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Szydlo’s talks in Budapest

February 10th, 2016

A new kind of partnership has emerged in which the countries of the Visegrád Four (Hungary, Poland, Slovakia and the Czech Republic) have a chance to bolster their voice in a divided Europe, proclaims Magyar Idők, while Népszabadság suspects Poland has something much bigger in mind.

Common sense has united Central Europeasserts Magyar Idők in its editorial entitled ‘Visegrád is on the Map Again’. The newspaper published its article on the resurrection of the V4 cooperation the day after a visit by Prime Minister Beata Szydlo of Poland to Hungary. The first step to build this new coalition was to mend broken ties between Hungary and Slovakia, the pro-government daily suggests, and speaks of ‘a new era of pragmatism’ in which Robert Fico, a Social Democrat, and the right-wing Conservative Viktor Orban were able to find common ground in recognizing their best national interests. The new Polish government only strengthens what the author calls the ‘Warsaw–Bratislava–Budapest axis’.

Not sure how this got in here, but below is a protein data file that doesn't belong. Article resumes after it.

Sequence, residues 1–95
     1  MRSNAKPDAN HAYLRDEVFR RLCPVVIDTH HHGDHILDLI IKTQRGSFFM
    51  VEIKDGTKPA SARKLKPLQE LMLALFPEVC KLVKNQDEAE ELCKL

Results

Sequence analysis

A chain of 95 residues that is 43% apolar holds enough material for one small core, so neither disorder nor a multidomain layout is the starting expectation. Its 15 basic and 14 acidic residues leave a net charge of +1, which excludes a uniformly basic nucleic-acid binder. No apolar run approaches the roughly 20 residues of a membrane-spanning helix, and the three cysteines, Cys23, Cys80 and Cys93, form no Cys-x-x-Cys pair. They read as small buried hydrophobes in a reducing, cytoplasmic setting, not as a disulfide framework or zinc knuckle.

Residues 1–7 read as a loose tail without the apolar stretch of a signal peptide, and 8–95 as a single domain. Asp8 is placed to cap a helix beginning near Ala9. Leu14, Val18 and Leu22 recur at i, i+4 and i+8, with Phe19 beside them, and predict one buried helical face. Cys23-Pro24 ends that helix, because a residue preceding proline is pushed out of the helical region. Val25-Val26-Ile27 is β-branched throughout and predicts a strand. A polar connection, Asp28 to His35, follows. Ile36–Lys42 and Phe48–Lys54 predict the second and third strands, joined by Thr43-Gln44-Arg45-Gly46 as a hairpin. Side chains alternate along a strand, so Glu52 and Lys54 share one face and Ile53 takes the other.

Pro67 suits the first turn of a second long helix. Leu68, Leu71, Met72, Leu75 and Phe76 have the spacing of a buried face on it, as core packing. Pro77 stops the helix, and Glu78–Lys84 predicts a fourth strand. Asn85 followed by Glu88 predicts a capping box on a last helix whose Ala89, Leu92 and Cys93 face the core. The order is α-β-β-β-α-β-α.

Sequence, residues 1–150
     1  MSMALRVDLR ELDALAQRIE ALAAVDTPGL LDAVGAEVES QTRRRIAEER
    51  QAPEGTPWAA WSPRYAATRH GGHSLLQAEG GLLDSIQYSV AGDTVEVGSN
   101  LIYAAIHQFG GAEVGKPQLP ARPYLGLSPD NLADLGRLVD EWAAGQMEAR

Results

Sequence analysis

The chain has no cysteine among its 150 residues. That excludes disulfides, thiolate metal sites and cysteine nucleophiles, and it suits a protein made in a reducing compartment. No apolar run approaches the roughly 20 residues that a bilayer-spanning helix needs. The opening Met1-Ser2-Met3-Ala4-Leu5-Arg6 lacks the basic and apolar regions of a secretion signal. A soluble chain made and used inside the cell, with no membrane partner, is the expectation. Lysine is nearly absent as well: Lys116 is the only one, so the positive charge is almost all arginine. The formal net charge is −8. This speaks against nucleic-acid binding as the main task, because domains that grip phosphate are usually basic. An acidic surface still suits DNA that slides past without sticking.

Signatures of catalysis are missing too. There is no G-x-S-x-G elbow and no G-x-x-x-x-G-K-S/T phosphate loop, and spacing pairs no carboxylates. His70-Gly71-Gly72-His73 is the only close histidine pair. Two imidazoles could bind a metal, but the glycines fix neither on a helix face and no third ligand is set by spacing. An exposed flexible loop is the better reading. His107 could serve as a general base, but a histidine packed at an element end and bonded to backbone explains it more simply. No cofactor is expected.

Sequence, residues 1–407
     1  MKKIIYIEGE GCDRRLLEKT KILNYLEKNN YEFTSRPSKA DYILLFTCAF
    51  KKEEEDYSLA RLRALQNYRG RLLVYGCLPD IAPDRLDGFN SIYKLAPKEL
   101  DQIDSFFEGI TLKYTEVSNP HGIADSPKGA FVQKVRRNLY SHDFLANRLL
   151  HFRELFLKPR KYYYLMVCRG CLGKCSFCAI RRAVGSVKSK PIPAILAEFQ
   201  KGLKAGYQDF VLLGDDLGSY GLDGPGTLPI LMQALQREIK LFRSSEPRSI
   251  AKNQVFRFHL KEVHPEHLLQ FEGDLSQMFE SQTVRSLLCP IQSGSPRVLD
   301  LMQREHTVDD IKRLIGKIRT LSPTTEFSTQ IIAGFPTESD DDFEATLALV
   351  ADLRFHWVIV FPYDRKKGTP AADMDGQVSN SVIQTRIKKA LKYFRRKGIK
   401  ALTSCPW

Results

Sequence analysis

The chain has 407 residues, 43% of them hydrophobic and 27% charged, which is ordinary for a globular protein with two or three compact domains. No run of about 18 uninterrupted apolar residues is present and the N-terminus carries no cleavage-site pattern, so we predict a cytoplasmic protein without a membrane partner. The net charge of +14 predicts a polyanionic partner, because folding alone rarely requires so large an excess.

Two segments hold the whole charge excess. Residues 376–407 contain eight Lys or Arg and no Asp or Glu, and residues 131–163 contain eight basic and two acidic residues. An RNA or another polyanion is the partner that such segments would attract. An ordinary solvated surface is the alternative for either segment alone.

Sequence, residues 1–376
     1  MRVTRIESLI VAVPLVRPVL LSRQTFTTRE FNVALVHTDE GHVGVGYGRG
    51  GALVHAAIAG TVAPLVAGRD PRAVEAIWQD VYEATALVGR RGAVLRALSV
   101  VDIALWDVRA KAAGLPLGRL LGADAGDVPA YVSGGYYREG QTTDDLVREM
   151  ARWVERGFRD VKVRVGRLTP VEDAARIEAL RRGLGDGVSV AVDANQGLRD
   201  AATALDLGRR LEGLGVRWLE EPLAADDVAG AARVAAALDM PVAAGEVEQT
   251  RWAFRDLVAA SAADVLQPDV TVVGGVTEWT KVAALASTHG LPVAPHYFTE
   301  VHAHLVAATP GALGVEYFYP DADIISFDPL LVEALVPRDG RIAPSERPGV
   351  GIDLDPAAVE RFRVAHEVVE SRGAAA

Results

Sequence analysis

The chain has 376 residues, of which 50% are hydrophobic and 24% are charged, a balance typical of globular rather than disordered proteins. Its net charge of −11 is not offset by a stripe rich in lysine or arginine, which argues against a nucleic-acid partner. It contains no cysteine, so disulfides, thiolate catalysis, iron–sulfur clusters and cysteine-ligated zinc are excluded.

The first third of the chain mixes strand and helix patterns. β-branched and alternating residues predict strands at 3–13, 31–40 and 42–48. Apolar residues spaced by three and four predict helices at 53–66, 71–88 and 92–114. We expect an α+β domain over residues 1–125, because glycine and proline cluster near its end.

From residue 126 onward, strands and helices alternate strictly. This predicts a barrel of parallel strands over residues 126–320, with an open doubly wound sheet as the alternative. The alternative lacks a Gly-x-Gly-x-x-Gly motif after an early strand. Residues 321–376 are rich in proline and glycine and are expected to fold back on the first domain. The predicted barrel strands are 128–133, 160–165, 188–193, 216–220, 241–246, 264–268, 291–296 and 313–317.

These ties have become all the more beneficial, Magyar Idők claims, with an intensifying migration crisis in Europe, which has brought to the surface fundamental differences between the way of thinking in eastern and western Europe. ‘We are not a European superstate, and that’s good’, Zoltán Kottász writes. Budapest, Warsaw, Bratislava and Prague have now been given a chance to bolster their voice in Europe, the article declares. All that is needed now is to take this opportunity.

Népszabadság, in its op-ed piece also underlines how the migration crisis has united the countries of a region that is very much divided on other issues (such as the conflict in Ukraine). On the other hand, the left-wing paper suspects Poland of trying to forge a regional lobby that would reach far beyond the limited scope of Visegrád cooperation: it would spread from the Baltic to the Adriatic and the Black Sea. A nice concept, Népszabadság admits, but the author warns that all this only makes sense within the European Union, since the much needed development funds will come exclusively from one direction: from the West.


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